Democrats Lose Their Edge

The Democrats in Congress have lost much of the leadership edge they carried out of the 2006 midterm election, with the lack of progress in Iraq being the leading cause. Their only solace: President Bush and the Republicans aren't doing any better.

Six weeks ago the Democrats held a 24-point lead over Bush as the stronger leadership force in Washington; today that's collapsed to a dead heat. The Democrats' overall job approval rating likewise has dropped, from a 54 percent majority to 44 percent now -- with the decline occurring almost exclusively among strong opponents of the Iraq War.

Yet the Democrats' losses have not produced much in the way of gains for Bush or his party. The president's approval rating remains a weak 35 percent, unchanged from mid-April at two points from his career low in ABC News/Washington Post polls. The Republicans in Congress do about as badly, with just 36 percent approval.

Another figure underscores the public's broad grumpiness: Seventy-three percent now say the country's off on the wrong track, the most in just over a decade.

The Shift

The shift away from the Democrats in Congress has occurred on two levels. In terms of their overall approval rating, the damage is almost entirely among people who strongly oppose the war in Iraq. In this group 69 percent approved of the Democrats in April, but just 54 percent still approve now -- a likely effect of the Democrats' failure to push a withdrawal timetable through Congress.

Their decline in leadership ratings vs. Bush is more broadly based -- that's occurred among war opponents and supporters alike, apparently reflecting more an assessment of their performance than an expression of support or opposition.

The Iraq Factor

More than anything, these views are fueled by the continued grind of the war in Iraq. Few think the Bush "surge" is working -- 64 percent see no significant progress restoring civil order there -- and, looking ahead, 58 percent predict it will not succeed.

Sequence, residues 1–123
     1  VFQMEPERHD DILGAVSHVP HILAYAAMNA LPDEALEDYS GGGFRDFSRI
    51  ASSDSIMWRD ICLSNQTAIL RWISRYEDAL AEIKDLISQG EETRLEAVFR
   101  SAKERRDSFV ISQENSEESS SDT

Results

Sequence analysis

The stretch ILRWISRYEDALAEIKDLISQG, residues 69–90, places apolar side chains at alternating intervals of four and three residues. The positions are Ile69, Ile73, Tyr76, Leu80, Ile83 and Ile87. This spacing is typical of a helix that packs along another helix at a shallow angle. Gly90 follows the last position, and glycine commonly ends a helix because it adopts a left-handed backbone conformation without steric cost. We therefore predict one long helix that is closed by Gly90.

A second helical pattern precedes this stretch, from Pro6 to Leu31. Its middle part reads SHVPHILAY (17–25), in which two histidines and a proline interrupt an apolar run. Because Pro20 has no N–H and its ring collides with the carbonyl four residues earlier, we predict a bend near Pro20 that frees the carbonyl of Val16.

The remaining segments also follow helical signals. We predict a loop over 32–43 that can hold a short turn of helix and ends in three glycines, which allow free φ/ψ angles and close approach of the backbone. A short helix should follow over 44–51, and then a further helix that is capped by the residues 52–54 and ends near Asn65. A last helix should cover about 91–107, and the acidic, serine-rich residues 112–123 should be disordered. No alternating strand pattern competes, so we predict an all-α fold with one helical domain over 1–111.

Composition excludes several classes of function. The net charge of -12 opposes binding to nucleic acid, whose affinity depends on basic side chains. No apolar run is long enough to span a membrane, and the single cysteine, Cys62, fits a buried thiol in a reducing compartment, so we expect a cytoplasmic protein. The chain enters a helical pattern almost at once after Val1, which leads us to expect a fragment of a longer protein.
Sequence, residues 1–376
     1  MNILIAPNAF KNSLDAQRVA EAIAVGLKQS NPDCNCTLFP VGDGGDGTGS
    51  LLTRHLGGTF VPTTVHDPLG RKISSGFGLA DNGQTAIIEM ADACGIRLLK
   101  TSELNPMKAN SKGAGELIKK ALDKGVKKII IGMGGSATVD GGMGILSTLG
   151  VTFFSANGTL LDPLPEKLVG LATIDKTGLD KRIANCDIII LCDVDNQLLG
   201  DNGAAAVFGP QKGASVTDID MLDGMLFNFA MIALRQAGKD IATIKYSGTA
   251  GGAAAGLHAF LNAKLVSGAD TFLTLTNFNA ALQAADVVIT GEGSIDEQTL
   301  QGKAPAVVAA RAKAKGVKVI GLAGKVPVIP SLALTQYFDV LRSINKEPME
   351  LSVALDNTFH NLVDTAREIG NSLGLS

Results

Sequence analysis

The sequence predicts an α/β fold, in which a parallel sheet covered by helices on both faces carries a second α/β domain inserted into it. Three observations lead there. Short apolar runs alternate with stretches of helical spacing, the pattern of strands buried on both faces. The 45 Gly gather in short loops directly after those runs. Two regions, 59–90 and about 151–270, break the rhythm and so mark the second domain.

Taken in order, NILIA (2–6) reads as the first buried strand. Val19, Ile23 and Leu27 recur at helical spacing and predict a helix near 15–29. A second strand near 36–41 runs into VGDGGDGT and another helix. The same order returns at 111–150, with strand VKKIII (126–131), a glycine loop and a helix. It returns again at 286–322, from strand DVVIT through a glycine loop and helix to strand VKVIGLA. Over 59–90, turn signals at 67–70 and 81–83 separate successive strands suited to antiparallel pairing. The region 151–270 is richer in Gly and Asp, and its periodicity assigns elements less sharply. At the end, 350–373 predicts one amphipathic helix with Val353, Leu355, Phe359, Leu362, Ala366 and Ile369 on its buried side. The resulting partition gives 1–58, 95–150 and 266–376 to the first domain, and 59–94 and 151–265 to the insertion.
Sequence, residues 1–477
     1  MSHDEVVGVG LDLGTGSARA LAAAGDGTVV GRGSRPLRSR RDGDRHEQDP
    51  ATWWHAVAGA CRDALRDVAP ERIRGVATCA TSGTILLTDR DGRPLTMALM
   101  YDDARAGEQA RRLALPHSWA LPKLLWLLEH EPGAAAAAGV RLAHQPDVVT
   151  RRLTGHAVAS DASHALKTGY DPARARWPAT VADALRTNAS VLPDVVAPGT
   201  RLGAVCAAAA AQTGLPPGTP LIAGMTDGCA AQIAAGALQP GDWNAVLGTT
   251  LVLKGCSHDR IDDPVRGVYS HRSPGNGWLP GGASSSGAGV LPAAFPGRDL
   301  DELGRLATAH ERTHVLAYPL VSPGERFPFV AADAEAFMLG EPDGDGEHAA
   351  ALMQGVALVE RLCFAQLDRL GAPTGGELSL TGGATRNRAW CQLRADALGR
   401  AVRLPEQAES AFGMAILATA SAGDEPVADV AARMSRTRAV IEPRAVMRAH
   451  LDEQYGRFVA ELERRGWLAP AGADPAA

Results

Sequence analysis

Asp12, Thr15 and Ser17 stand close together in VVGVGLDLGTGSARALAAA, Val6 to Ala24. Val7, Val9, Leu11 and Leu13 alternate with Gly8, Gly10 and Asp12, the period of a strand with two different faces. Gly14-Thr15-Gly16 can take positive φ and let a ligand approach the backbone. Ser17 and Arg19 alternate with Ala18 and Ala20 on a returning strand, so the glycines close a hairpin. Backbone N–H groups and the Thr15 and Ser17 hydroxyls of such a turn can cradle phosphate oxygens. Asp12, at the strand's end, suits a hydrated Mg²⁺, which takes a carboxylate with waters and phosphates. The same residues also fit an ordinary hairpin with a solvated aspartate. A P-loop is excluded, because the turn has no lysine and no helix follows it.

Sixty-one percent say the war was not worth fighting (down a scant five points from April's record high) and majorities reject many of Bush's arguments in support of the war -- that it's a critical component of the war on terrorism, that it has improved long-term U.S. security and that withdrawing poses more danger than remaining.

Perhaps most challenging is the president's credibility gap: Sixty percent of Americans feel they can't trust the Bush administration to honestly and accurately report intelligence about security threats facing the United States. That makes any of Bush's arguments a hard sell.

Indeed, the public still trusts the Democrats in Congress over Bush to handle the situation in Iraq, by 51 percent to 35 percent. But the Democrats' number has slipped from 58 percent in April and a high of 60 percent in January.


There are real concerns about what lies ahead for Iraq and the United States alike. If the United States withdraws without civil order first being restored, seven in 10 Americans see any of three possibilities as at least somewhat likely: Full-scale civil war, parts of Iraq becoming a base of operations for terrorists targeting the United States and parts of Iraq falling under Iranian control.

Four in 10 see the first two outcomes as "very" likely, and a third say the same of the third. People who see any of these as very likely are much more apt than others to oppose any decrease in U.S. forces in Iraq.

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